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Math Help - Polynomial Degrees and Zeros

  1. #1
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    Polynomial Degrees and Zeros

    Find a polynomial of degree 3 whose zeros are -3, 3/2 and 2

    a.2x^3-15x-18
    b.2x^2+3x-9
    c.2x^2-7x+6
    d.2x^3-x^2-15x+18
    e.2x^3-7x^2-15x+18

    I know C and B are not options because the degree is not three, but how do I figure out the rest?
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  2. #2
    Junior Member
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    Do you know about the factorial decomposition of polynomials?
    If a polynomial f(x) of degree 3 has 3 real roots, letīs say \alpha, \beta,\gamma then you can write it down as a(x-\alpha)(x-\beta)(x-\gamma) where a is the leading coefficient of your polynomial.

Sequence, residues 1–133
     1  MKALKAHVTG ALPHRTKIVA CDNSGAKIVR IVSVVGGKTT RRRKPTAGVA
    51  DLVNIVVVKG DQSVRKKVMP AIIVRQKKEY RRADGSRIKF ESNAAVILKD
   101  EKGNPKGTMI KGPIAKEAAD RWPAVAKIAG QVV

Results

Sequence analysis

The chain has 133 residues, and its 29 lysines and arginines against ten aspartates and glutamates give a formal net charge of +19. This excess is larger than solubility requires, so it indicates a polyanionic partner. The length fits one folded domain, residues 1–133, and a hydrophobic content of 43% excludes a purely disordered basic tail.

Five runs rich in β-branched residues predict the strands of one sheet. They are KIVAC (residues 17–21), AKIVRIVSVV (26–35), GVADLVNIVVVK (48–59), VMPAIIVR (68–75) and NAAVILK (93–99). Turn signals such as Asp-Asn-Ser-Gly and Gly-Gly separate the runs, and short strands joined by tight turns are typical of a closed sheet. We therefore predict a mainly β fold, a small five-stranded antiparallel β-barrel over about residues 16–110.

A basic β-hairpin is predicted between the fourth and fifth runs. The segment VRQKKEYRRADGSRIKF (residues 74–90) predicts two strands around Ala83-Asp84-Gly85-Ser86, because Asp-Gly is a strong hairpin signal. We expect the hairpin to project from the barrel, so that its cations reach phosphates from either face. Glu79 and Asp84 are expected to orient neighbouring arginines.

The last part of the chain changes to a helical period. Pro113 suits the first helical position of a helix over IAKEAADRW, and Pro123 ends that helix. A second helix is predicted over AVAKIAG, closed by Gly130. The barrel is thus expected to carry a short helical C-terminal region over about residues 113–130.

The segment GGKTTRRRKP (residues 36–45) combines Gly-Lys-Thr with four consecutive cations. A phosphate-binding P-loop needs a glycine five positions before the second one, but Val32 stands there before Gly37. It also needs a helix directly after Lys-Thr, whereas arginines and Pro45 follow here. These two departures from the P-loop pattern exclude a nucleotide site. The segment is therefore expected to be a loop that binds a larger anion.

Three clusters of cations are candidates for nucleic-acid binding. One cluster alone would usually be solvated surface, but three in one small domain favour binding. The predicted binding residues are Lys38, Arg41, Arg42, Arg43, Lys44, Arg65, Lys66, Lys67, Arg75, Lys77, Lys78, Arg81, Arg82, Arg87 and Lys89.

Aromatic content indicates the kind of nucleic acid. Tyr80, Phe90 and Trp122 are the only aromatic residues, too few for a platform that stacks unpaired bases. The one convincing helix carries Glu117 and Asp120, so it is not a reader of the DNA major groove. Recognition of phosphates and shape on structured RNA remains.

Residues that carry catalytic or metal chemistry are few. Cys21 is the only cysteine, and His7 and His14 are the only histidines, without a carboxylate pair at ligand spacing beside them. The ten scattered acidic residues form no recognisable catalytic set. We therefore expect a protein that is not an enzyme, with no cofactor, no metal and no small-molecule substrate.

Obviously, this fact gets generalised for any polynomial of degree n with m roots, n<m.

    That means that you can write your polynomial as a(x+3)(x-3/2)(x-2) since they didnīt tell you explicitly nothing about the leading coefficient of the polynomial, a might be any real number different of zero. So set a=2 since all your options have L.C.=2.
    Apply distributive law (if you have trouble with that tell me and Iīll write it down) and you get option d.
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